When Noah was around two, I cared for him and four other children of about the same age. This was an extremely busy time in the daycare. It was exciting, challenging, and definitely a major physical work-out ever day! I felt completely in control of the daycare, and yet with the particular mix of children I had (and their energy levels) I knew that was my limit at that time. I definitely wouldn't have felt comfortable adding another child to the mix, even though, under the Ontario law, it would have been legal for me to do so.
Leila joined our family when Noah was 3 1/2. I took a month off after her birth, and then just took the two older boys back into the daycare for a few months. So I had 3 three-year-olds, and baby Leila. I remember this being a very leisurely time in the daycare, but I guess it was just in comparison to how busy it had been at other times. It was so sweet to see all the boys interacting with and learning from, this helpless little baby. It really was good for them. It was like a new member of the family for everyone. That's what a home daycare becomes: another sort of family. A daycare family.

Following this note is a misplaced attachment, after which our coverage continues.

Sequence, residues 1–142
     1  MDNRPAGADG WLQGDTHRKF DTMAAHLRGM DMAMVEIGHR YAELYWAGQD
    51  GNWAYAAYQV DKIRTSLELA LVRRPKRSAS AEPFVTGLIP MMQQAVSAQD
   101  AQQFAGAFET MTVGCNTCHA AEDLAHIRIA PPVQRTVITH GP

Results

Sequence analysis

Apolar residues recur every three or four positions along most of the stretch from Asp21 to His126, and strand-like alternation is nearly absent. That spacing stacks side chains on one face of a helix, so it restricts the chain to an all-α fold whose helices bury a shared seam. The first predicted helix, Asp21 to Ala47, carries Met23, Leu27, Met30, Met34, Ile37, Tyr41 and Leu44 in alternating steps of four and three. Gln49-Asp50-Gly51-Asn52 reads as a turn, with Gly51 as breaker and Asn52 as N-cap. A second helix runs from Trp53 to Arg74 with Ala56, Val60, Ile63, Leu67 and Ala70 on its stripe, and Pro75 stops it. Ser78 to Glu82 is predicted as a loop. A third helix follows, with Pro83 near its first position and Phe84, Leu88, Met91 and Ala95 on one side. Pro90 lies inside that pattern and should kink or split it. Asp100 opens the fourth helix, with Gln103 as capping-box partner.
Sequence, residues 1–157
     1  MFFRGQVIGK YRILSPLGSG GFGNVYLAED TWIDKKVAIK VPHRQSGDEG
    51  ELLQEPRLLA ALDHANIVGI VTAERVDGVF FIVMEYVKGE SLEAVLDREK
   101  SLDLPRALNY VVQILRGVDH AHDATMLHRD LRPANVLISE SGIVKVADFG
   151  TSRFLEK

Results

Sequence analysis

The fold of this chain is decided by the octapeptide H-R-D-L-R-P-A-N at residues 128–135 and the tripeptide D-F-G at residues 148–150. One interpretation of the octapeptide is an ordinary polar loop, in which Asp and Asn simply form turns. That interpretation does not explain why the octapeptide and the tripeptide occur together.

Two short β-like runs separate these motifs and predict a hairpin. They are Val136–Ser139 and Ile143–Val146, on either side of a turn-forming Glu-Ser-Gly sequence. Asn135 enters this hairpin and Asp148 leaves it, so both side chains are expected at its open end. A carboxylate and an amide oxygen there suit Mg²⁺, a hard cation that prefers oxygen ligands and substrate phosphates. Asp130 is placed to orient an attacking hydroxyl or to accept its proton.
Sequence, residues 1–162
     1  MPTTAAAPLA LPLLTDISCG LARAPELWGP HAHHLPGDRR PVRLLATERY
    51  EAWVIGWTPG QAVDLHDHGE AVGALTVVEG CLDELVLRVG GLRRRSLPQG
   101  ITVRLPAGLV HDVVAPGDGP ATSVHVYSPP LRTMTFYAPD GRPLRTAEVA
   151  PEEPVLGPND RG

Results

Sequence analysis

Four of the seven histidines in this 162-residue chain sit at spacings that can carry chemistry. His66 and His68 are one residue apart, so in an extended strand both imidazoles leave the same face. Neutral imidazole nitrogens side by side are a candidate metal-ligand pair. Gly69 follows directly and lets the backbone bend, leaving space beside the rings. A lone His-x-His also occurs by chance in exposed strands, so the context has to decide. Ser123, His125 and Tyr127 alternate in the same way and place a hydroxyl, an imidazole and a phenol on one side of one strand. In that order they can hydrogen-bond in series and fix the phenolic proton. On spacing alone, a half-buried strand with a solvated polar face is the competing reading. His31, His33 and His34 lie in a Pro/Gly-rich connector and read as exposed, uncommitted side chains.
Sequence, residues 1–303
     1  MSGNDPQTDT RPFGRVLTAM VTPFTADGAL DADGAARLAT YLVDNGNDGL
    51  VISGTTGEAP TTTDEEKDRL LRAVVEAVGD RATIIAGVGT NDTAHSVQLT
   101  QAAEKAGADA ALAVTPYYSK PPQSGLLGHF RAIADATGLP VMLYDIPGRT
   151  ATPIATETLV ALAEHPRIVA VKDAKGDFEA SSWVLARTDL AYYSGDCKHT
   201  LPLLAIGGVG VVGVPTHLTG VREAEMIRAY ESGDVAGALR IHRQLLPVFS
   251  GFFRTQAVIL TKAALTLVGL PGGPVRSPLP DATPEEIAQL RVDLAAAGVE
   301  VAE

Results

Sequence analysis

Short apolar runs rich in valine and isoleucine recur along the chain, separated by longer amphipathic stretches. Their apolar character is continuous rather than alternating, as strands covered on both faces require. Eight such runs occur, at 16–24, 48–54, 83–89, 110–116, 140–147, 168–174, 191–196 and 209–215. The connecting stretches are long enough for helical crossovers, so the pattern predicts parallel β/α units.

When Noah began Junior Kindergarten, our schedule changed. We had to go pick him up from school every day at 11:30. The area where we would pick him up was gated. It had a playground and a front yard. But man, when those kindergarten kids got dismissed for the day, the yard was filled with chaos and excitement.
Soon after school started, I realized I did not feel completely comfortable about the safety of the children in my care, in this particular situation. I put out help-wanted ads and quickly found an assistant, just for our two-hour outdoor time. I have had someone to help me for this portion of the day ever since.
I have been running this daycare for five years now. I currently care for children of various ages. Gone are the days when I would have four one-year-olds, or five two-year-olds. It is interesting though, than now that I have this range, I do not feel comfortable caring for more than two children under age two in the daycare. It just becomes trickier with different age ranges and combinations of children. I've learned that through experience.
So, I have provided you with some background, so that you know where I'm coming from. It's time for me to get to the point of this blog entry.